|Li, Zicong -|
|Zeng, Fang -|
|Kim, Yong Soo -|
|Wu, Zhenfang -|
|Yang, Jinzeng -|
Submitted to: Biochemical and Biophysical Research Communications
Publication Type: Peer Reviewed Journal
Publication Acceptance Date: October 30, 2011
Publication Date: December 16, 2011
Citation: Li, Z., Zeng, F., Mitchell, A.D., Kim, Y., Wu, Z., Yang, J. 2011. Transgenic overexpression of bone morphogenetic protein 11 propeptide in skeleton enhances bone formation. Biochemical and Biophysical Research Communications. 416(3-4):289-92. Interpretive Summary: Bone morphogenetic proteins (BMPs) are a group of regulatory proteins that participate in various biological processes such as embryonic skeletal patterning, postnatal bone formation and metabolism. To evaluate the roles of BMP11 propeptide in skeletal development in vivo, we generated transgenic mice that over-express BMP11 propeptide under the control of a bone-specific regulatory element, the 2.3 kb a1 type 1 collagen promoter. These transgenic mice were viable and fertile, but exhibited abnormal patterning of axial skeleton with transformation of the seventh cervical vertebra into a thoracic vertebra by forming ectopic ribs on the seventh cervical vertebra. The transgene mRNA was detectable in tail tissue at 12.5 days post conception (dpc) and later times (14.5 and 16.5 dpc). The transgene mRNA expression was detected in bone and several other tissues. A further characterization of the transgenic mice in the present study shows that skeletal- specific expression of the BMP11 propeptide cDNA significantly increased skeletal formation and expression levels of several osteoblast marker genes. The results suggest that over-expression of BMP11 propeptide stimulates bone formation by increasing osteoblast (bone forming) cell functions.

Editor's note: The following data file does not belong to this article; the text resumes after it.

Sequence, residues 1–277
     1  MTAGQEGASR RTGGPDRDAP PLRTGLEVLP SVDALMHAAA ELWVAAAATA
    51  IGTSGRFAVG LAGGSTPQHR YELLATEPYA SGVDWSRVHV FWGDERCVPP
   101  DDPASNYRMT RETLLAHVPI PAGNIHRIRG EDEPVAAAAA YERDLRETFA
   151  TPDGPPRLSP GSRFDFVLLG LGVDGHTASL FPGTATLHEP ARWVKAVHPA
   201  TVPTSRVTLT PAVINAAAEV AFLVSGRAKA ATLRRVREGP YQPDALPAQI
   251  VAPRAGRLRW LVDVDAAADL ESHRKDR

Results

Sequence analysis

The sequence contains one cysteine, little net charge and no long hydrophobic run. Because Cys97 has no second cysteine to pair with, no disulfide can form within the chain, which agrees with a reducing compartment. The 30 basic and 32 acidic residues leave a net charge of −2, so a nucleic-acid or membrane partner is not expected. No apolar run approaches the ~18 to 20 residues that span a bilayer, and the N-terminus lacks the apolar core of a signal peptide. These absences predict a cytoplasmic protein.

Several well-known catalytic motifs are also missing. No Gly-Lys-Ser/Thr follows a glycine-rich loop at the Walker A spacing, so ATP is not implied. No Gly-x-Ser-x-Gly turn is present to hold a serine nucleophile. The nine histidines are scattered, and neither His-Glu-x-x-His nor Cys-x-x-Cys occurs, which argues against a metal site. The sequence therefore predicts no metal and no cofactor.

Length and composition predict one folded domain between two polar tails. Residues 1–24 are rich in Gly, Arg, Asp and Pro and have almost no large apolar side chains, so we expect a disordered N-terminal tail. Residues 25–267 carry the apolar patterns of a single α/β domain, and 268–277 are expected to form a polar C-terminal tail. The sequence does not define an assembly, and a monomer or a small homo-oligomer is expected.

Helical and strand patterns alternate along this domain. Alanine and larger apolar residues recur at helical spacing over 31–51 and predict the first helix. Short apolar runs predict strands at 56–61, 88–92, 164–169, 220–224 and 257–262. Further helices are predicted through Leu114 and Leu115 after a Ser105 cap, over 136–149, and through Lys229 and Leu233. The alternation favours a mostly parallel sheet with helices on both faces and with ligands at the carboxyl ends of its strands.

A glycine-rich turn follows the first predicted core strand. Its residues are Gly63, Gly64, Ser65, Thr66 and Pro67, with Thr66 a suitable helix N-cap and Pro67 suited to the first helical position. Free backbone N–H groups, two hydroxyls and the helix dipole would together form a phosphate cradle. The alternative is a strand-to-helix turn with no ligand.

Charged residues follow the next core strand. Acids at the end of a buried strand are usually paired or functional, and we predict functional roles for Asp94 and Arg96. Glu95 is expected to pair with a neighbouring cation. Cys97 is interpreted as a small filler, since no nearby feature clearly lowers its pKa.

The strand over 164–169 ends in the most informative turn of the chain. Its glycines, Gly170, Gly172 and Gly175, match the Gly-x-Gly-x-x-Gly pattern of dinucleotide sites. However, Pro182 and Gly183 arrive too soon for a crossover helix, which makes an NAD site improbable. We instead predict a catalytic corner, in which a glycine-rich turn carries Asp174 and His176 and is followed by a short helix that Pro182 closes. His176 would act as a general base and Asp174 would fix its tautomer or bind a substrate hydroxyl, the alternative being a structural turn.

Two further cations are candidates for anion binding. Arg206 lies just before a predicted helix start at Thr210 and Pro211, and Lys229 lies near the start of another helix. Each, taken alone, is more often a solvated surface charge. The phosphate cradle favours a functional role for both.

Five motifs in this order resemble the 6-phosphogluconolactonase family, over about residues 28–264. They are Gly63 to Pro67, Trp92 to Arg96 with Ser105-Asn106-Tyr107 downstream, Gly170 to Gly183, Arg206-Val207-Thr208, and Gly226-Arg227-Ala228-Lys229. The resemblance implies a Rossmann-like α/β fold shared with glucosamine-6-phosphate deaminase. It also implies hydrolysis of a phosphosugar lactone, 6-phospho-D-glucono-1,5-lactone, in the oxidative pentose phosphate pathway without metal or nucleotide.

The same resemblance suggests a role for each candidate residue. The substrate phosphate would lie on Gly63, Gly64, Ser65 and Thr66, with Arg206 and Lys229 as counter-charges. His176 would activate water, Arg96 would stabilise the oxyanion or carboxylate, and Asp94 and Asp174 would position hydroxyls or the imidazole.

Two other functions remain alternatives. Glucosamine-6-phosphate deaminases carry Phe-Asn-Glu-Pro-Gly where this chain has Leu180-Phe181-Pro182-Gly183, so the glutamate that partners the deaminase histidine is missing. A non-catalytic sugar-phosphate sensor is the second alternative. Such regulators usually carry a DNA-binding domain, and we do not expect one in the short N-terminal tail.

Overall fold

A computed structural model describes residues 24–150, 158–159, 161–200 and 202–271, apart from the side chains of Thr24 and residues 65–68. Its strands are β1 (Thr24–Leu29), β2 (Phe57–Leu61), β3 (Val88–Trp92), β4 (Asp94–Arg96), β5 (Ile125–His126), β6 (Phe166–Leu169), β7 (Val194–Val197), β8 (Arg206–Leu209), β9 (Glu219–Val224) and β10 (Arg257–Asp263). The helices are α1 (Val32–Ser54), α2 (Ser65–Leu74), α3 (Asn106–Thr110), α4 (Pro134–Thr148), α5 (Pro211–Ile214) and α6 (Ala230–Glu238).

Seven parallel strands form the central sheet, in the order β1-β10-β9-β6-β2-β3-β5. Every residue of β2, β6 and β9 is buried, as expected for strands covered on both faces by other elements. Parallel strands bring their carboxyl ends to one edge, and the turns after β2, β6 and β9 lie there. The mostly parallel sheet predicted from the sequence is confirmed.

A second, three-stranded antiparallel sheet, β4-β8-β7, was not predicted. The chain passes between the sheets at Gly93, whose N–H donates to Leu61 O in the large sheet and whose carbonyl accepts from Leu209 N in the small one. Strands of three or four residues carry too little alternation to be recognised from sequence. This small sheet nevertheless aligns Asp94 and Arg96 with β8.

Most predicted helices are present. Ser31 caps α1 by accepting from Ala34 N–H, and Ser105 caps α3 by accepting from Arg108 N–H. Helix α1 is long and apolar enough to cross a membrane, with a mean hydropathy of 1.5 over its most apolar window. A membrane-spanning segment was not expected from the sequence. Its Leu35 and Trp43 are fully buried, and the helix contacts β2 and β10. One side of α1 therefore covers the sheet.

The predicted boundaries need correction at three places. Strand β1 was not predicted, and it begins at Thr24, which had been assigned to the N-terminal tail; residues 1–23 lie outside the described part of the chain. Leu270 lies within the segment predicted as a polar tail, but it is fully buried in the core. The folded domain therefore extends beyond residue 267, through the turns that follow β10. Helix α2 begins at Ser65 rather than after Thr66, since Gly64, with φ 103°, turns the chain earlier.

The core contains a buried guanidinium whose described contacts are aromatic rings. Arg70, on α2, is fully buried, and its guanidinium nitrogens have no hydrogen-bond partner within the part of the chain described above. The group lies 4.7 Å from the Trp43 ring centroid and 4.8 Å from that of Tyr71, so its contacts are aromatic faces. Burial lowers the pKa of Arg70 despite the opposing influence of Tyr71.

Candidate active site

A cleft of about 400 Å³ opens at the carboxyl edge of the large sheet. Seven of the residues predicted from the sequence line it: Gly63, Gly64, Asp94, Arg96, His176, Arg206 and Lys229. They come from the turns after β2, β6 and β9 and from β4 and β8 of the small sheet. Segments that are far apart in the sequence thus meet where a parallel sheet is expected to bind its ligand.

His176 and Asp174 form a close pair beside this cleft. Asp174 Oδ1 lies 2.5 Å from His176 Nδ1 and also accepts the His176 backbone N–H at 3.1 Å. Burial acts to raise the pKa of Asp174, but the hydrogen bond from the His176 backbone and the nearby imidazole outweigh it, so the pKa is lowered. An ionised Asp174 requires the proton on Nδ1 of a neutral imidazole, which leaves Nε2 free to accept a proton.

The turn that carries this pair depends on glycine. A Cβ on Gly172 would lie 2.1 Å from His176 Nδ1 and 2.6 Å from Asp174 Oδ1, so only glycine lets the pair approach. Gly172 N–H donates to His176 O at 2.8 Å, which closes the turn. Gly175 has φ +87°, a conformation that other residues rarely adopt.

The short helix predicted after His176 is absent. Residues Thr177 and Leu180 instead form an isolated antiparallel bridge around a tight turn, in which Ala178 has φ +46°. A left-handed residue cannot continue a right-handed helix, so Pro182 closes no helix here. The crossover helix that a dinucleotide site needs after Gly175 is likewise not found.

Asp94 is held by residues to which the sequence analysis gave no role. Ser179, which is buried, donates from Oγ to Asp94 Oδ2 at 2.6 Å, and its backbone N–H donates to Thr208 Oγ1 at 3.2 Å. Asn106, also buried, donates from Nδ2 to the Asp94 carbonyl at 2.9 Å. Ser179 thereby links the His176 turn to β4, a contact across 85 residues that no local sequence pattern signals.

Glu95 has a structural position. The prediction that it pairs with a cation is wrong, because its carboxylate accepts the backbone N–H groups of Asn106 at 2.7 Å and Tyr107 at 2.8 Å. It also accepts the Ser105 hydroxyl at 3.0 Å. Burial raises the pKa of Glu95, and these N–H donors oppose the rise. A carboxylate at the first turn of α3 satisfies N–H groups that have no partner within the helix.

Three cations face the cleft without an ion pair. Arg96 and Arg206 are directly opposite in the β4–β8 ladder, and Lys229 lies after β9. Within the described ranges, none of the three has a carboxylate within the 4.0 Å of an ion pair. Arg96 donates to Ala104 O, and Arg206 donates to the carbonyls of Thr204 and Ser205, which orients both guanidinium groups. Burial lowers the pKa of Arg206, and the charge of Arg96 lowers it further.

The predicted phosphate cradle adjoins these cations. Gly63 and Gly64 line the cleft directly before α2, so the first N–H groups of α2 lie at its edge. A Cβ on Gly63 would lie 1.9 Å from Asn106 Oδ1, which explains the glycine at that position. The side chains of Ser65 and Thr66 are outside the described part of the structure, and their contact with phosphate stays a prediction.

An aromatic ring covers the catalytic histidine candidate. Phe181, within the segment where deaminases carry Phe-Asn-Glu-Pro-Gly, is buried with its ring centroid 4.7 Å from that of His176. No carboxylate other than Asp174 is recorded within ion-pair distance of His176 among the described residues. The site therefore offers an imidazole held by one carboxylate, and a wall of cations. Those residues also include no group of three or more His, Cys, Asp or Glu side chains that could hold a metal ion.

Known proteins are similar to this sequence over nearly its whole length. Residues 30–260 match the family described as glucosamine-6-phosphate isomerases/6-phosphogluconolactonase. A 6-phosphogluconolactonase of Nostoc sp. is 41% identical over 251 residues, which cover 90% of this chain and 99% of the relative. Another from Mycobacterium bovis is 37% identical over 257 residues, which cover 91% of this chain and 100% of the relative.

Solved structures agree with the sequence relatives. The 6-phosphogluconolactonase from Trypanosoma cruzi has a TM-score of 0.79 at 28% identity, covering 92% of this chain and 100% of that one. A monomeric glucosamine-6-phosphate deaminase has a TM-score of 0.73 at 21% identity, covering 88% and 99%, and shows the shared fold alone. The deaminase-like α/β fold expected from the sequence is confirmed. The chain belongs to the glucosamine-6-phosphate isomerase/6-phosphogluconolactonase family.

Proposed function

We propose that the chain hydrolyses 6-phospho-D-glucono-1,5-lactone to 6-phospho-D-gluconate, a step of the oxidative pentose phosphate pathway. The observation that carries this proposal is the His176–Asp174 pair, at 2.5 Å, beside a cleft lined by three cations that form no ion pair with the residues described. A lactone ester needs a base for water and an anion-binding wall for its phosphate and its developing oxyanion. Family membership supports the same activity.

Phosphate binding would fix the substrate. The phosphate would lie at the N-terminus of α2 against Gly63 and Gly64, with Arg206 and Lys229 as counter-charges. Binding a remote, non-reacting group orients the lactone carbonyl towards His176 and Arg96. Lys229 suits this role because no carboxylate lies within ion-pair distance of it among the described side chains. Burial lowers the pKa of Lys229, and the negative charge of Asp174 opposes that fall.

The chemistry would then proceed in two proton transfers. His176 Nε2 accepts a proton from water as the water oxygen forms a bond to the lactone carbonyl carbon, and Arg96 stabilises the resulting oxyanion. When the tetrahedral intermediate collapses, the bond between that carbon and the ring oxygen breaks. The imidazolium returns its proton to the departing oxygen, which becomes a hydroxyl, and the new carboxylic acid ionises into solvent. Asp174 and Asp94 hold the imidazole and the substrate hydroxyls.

Technical Abstract: Bone morphogenetic protein 11 (BMP11) is a key regulatory protein in skeletal development. BMP11 propeptide has been shown to antagonize GDF11 activity in vitro. To explore the role of BMP11 propeptide in skeletal formation in vivo, we generated transgenic mice with skeleton-specific overexpression of BMP11 propeptide cDNA. The mice showed a transformation of the seventh cervical vertebra into a thoracic vertebra in our previous report. Presently, further characterizations of the transgenic mice indicated that ossification in calvatia was dramatically enhanced in transgenic fetuses at 16.5 days post conception (dpc) in comparison with their wild-type littermates. At 10 weeks of age, bone mineral content and bone mineral density were significantly (P<0.05) higher in transgenic mice than that in their wild-type littermates based on dual energy X-ray absorptiometry analysis. The relative trabecular bone volume measured by histological analysis was dramatically increased in transgenic mice compared with their wild-type littermates. The enhanced bone formations in the transgenic mice appear to result from increase osteoblast activities as the expressions of four osteoblast markers ' a 1 type 1 collagen, osteocalcin, alkaline phosphatase and phex were significantly higher in transgenic fetuses than that in their wild-type littermates. These results suggest that over-expression of BMP11 propeptide stimulates bone formation by increasing osteoblast cell functions.